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CDT Annual Conference 2023

The EPSRC Centre for Doctoral Training in Molecules to Product 3rd Annual Conference took place on Wednesday 12th and Thursday 13th July 2023, at Weetwood Hall, Leeds.


Please click below to view our conference flyer with agenda details:
Molecules to Product Conference Flyer 2023

Speaker Biographies


Primary Speaker

Professor Peter Dowding - Infineum

Unlocking the molecular-level properties of commercial oil additives through collaborative research


Pete Dowding was appointed Chief Scientist at Infineum in 2016 acting as leader for the collaborative academic portfolio (currently ~45 projects) and for background/ fundamental studies of additives for future generations of lubricants and new business areas. Pete is responsible for bringing new science and analytical techniques into the company.

He has research interests in surfactant design/ self-assembly, computational modelling of structure/ performance relationships and characterisation techniques, particularly application of x-ray and neutron scattering to industrial systems. He has acted as industrial supervisor to >20 past/ present PhD students and 11 Post-Doctoral Researchers. He has secured over £2 million of external research funding for from UK and EU bodies. Pete holds 12 patents and has published >30 peer-reviewed papers and contributed to two books.

Pete currently holds the positions of Visiting Industrial Professor at Bristol University and Honorary Professor at Leeds University and is a Visiting Scientist at Diamond Light Source. Pete was awarded the RSC/ SCI McBain Medal for Colloid and Interface Science in 2009 and the RSC Inspiration in Industry Award in 2014. He is a Fellow of the Royal Society of Chemistry and a Chartered Chemist & Chartered Scientist. Pete is an active member of RSC and SCI: serving twice on Faraday Council and as Chair, Treasurer and Honorary Secretary for the Joint RSC/ SCI Colloid Group.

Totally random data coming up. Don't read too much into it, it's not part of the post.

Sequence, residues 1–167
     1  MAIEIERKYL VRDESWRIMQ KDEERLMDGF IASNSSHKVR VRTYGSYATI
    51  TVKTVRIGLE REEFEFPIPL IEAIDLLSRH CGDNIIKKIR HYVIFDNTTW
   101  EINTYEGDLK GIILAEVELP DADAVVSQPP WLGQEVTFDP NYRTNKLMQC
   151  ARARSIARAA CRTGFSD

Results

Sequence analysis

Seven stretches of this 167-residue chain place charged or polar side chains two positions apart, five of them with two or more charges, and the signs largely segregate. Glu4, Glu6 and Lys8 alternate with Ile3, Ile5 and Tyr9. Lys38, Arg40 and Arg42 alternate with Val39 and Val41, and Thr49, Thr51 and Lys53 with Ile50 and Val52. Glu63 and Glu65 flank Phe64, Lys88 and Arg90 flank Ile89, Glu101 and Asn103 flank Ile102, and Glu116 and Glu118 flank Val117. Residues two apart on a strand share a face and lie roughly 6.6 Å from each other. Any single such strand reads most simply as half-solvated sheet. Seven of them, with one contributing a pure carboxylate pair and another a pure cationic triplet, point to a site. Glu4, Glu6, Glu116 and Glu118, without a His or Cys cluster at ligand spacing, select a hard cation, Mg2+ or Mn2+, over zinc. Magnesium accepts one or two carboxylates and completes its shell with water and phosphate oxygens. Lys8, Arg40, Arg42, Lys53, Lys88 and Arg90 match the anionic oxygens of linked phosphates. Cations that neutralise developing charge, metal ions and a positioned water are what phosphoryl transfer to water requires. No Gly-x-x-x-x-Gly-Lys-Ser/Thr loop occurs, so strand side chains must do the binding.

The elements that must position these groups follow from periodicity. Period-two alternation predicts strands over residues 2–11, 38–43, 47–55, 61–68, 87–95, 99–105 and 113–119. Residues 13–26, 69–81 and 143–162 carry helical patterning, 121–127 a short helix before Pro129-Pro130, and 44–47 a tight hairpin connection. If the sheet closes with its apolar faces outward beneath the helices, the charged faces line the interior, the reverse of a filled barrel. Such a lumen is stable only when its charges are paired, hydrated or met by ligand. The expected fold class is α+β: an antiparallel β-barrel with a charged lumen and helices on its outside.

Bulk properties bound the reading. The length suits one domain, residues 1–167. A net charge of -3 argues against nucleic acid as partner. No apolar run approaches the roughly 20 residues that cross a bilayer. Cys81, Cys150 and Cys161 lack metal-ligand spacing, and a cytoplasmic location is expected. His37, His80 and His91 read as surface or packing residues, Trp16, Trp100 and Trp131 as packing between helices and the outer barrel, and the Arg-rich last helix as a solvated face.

Key note Speaker

Professor Anthony Green - University of Manchester 

Building enzymes with new function 


Following his PhD in synthetic organic chemistry (total synthesis) under the supervision of Prof. E. J. Thomas, Anthony began postdoctoral research with Prof. Nicholas Turner and Prof. Sabine Flitsch based in the Manchester Institute of Biotechnology (MIB).  Following a postdoctoral research position with Prof. Donald Hilvert at ETH (Zurich), Anthony started his independent research career in 2016 based in the Manchester Institute of Biotechnology (School of Chemistry) at the University of Manchester, where he is a professor of organic and biological chemistry, a BBSRC David Phillips research fellow and holder of an ERC consolidator grant. His research interests lie in the design and evolution of enzymes with new function.


Key note Speaker

Graham N Newton - University of Nottingham

Encapsulated nanoscale metal oxides as ultra-stable redox materials and efficient electrocatalysts

Graham N. Newton obtained his Ph.D. from the University of Glasgow (UK) in 2009. After carrying out a JSPS postdoctoral research fellowship he was appointed Assistant Professor at the University of Tsukuba, Japan, in 2011. In 2015 he moved to the University of Nottingham, UK, where he is now Associate Professor of Inorganic and Materials Chemistry and a leader of the Nottingham Applied Materials and Interfaces group. His research interests include the synthesis and characterisation of redox-active materials, from molecular systems through to complex nanomaterials. He has a particular interest in the development of organic–inorganic hybrid molecular metal oxides for applications in energy storage and photocatalysis